I also refused to indulge my insecurities. Of course, like everyone else, I have them. But I refused to let my fears affect how I reacted to the situation. I just ploughed through.

There was luck involved, too. I ran out of time at the end and could not study an entire subject: wills and trusts. Wills and trusts wasn’t on the exam that year. Phew.

In the end, I think I passed for one reason: I didn’t have a choice. This made me incredibly efficient; I laser focused only on things that mattered for the exam. During those eight weeks, I bonded with my son as best I could, but I’m not going to lie, that part was tough and got a lot better once the exam was done. Honestly, for most of those eight weeks, I was probably the most awful person to be around.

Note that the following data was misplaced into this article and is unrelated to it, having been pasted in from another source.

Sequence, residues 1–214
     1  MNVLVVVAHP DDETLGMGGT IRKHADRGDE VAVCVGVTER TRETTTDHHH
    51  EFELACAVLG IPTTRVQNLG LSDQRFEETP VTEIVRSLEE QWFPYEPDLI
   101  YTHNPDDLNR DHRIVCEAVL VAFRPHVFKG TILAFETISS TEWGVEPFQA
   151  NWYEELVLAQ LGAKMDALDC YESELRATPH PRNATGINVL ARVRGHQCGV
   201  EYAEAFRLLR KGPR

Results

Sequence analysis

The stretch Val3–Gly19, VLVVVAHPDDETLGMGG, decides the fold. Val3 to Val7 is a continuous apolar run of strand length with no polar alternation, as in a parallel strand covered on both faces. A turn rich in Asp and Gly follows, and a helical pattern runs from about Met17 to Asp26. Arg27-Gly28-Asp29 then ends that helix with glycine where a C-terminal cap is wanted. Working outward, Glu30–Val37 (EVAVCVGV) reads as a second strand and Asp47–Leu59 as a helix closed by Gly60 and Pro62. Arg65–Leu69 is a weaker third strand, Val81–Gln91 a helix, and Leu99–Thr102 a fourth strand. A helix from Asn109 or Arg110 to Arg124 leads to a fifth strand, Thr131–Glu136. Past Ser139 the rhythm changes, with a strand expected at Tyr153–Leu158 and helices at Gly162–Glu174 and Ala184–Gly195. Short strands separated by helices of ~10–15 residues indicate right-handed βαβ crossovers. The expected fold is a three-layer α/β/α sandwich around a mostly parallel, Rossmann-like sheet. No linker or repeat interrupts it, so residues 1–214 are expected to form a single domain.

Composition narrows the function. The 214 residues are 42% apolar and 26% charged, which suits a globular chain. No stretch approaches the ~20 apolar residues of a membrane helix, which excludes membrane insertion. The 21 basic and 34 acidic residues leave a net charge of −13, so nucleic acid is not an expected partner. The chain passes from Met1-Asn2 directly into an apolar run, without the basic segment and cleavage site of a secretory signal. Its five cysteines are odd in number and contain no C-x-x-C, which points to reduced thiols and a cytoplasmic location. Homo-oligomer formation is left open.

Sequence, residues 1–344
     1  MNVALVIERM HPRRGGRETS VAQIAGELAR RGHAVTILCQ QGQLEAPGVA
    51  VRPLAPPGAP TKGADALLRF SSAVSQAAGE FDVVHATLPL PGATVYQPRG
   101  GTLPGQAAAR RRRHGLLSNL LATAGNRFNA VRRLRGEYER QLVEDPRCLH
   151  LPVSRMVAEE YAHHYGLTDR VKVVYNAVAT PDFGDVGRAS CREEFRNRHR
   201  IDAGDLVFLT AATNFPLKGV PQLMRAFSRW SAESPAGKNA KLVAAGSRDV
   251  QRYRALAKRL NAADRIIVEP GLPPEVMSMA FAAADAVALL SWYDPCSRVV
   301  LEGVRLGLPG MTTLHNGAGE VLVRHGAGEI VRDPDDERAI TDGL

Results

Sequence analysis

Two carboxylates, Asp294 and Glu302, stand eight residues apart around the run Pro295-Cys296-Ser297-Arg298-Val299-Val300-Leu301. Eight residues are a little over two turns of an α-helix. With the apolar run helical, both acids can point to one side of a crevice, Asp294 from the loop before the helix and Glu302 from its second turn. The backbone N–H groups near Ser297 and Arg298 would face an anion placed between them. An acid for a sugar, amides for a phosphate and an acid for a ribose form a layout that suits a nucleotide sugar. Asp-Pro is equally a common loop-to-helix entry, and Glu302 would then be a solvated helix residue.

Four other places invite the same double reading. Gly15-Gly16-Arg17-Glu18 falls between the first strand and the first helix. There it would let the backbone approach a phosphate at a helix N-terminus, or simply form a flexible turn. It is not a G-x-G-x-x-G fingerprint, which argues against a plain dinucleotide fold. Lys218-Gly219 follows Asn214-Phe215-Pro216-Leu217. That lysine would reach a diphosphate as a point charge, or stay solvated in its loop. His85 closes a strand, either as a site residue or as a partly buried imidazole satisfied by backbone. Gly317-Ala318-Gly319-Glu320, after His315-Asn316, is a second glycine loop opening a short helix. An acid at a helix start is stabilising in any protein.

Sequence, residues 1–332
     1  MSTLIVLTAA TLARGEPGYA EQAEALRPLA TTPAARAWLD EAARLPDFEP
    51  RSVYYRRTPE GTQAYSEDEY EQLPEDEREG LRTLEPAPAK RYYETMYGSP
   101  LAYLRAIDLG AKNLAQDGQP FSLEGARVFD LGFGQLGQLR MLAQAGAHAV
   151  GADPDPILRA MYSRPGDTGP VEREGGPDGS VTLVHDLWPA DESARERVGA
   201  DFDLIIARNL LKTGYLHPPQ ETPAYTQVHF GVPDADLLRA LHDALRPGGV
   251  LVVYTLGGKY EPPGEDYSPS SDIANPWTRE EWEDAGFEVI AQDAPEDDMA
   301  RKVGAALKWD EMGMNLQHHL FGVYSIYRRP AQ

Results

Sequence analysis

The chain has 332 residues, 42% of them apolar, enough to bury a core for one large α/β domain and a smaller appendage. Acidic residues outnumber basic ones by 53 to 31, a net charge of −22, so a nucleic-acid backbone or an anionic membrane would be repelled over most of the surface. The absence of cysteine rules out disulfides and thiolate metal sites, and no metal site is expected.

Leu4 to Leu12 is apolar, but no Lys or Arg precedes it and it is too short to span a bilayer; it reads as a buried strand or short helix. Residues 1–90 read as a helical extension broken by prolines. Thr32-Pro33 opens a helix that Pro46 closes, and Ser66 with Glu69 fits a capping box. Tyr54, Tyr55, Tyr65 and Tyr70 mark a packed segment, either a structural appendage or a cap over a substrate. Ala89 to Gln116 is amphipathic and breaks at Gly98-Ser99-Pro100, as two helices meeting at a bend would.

Despite that, my family was incredibly supportive, and this helped too, immensely.

 

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Rachel Gezerseh Rachel Gezerseh is a lawyer at Jones Day and an alumna of Southwestern Law School. She runs the blog Breaking Into Big Law, where she writes about her experience interviewing with BigLaw firms, getting a summer associate job, and lessons learned during her career from junior to senior associate. She has also developed an interactive presentation on these topics for students and lawyers and frequently presents at live events around the country.